Enigmatic Isenyuso explores impact of Christian missionaries on African culture

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Through his latest contemporary piece that is on stage at the Soweto Theatre in Jabulani until tomorrow, he interrogates issues of spirituality, lineage and religion. Tshabalala explores these subjects through electrifying fusion movements and texts.

The piece, also featuring Liyabuya Gongo as a dancer, is directed by Siphumeze Khundayi. Isenyuso was staged last month at the South African State Theatre in Pretoria for Kucheza Festival where it received a positive response.

Isenyuso was inspired by a painting that Tshabalala saw at a gallery in France which depicted a black man, figuratively carrying a brief case.

The same painting came to mind when he read Chinua Achebe’s novel Things Fall Apart which was first published in 1958. The novel looks at pre-colonial life in Nigeria and the invasion of Europeans during the late 19th century.

The story chronicles the life of Okwonkwo, an Igbo man and local wrestling champion in the fictional Nigerian tribe of Umofia. He was empowered by the notion of superiority and toxic masculinity which became his downfall and led him astray from the genuine essence of being his true desired self.

Tshabalala said Achebe’s novel reminded him of how black men have to carry the burden of keeping up with traditions, societal norms, family expectations and never show a sign of weakness. As a queer man, Tshabalala brought the situation closer to home of how queer men are constantly expected to conform to societal expectations.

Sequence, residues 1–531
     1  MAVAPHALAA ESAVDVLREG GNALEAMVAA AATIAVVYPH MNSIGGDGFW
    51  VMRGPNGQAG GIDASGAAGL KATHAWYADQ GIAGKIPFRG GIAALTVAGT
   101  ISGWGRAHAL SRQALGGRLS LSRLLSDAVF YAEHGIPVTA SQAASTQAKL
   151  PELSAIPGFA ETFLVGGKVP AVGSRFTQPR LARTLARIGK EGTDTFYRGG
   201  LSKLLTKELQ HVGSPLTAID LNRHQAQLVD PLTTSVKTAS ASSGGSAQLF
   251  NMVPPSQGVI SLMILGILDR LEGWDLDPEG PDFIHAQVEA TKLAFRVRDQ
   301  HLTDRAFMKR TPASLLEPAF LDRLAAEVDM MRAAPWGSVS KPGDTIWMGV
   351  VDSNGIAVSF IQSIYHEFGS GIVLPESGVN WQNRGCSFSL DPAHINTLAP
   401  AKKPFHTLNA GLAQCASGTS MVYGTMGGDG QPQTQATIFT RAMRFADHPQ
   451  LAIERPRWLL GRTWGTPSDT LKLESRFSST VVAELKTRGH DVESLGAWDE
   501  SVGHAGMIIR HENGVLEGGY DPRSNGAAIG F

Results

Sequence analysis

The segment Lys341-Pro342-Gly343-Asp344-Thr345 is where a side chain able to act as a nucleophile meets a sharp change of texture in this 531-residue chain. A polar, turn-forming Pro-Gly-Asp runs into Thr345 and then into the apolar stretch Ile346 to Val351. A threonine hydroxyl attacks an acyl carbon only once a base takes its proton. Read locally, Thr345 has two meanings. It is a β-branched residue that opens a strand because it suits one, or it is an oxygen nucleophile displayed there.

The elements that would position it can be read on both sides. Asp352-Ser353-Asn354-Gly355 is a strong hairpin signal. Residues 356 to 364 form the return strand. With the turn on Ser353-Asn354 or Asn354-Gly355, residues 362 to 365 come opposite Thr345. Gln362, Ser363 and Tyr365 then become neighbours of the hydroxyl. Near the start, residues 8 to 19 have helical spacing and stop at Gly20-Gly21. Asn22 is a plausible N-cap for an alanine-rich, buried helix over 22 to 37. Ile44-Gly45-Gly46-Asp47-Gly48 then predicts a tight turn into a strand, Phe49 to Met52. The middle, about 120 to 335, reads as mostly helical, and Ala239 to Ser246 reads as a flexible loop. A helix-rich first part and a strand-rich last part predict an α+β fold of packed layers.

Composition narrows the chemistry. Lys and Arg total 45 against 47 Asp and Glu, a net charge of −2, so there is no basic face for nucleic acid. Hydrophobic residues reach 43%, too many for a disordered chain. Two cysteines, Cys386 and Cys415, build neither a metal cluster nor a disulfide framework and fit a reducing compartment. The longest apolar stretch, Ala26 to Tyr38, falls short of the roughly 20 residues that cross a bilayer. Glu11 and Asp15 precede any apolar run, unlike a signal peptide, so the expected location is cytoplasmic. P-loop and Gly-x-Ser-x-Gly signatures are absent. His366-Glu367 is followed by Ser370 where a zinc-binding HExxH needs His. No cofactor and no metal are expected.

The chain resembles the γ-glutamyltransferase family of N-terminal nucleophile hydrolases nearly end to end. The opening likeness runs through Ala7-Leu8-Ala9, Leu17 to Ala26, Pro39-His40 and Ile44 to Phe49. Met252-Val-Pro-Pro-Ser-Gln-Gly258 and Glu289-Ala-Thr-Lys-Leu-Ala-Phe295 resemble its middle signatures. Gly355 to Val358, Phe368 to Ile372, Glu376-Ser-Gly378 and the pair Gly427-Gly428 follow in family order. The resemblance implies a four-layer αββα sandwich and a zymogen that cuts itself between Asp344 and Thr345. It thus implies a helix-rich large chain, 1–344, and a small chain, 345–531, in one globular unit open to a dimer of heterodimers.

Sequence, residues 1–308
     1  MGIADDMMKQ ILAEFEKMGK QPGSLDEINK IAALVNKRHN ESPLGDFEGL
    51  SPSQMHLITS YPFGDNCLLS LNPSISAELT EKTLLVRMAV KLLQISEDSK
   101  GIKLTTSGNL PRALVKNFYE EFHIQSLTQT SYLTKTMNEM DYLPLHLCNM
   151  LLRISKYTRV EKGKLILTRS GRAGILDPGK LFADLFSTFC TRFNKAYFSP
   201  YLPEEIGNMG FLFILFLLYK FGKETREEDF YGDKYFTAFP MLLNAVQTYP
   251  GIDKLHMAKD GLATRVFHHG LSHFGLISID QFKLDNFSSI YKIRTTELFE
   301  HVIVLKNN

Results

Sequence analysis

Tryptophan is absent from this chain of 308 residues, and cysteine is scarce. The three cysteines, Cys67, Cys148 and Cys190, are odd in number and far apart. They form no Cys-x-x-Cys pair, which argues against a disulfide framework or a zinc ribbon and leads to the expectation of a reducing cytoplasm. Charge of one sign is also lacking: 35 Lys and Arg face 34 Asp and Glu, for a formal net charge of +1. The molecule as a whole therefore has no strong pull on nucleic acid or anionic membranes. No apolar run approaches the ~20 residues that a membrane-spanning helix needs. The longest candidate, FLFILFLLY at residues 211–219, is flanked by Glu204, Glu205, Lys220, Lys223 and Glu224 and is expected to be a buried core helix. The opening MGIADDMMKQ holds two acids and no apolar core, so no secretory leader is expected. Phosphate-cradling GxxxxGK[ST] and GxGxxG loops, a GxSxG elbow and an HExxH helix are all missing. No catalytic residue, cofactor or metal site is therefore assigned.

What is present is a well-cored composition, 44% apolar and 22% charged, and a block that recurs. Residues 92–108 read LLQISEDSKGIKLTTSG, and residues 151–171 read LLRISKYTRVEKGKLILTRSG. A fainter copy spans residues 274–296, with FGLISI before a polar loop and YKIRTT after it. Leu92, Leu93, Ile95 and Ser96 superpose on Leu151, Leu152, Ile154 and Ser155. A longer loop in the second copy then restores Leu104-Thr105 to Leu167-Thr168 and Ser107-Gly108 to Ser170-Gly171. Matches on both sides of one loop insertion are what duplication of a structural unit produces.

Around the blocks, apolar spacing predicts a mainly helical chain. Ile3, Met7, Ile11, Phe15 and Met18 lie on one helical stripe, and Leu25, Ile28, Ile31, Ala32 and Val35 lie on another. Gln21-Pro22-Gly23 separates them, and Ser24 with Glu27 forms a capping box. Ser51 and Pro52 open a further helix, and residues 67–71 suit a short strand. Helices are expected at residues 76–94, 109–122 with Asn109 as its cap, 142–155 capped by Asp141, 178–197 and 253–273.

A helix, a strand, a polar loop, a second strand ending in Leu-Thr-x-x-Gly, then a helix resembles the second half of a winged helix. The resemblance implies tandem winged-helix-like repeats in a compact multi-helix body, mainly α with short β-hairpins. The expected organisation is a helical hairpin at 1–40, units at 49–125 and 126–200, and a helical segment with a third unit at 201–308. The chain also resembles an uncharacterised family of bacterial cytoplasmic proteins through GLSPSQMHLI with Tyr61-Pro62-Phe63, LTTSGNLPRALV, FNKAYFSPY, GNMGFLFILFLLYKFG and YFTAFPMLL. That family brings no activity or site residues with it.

“Isenyuso is a contemporary dance work that details a global narrative of individual justice, liberty, representation and the preserving of heritage. It is told through the lens of a new age man supported by his history. Audio visuals are utilised during the performance and accompanied by conversational movement, and choreography is used to express the words with a modern sound.”

In explaining the idea of the show, Tshabalala said: “I looked at this man in the painting and saw him carrying hopes of his family in this briefcase. This resonated with me because I saw myself in this picture. Being a queer man of colour living in a society you encounter these unreasonable expectations where you have to balance being true to your roots and the importance of tradition. This relates to a lot of young black boys as well. I want to address the way we are raising our boys to become men.

“While working on the piece I was reminded of what the late Archbishop [Emeritus] Desmond Tutu said about missionaries and Christianity. He said missionaries came to Africa and found us believing in our own gods and practicing our own culture. They taught us to close our eyes when praying and when we opened them a lot was gone. Through my work I try to encourage people to know who they are and where they come from.”

Tshabalala, who has just returned from a long tour in Austria with internationally acclaimed Dada Masilo, has been creating his own works in between international tours. He created the dance piece called Simon which received critical acclaim at the relaunch of the 2019 Dance Umbrella. The piece went on to feature at Pace Festival and the Solo and Duet Festival at the Soweto Theatre where it was nominated in the Best Contemporary/Ballet Production at the Naledi Awards 2020.

Tshabalala, one of the greatest products of National School of the Arts in Braamfontein, further studied dance at Tshwane University of Technology. He co-choreographed the Standard Bank Ovation award- winning work Sins that premiered at National Arts Festival in 2013.

He further co-choreographed I Am alongside Khaya Ndlovu for the National Arts Festival in 2016. In 2015, he choreographed a work for the South African Gymnastics team for the World Gymnastrada competition in Finland. He also produced Vibrations of Us for KMAD’s season Next Generation 2 in Pretoria in 2016 which won the Kyknet Prize for Best Physical Theatre Production at Krekvars Student Arts Festival.

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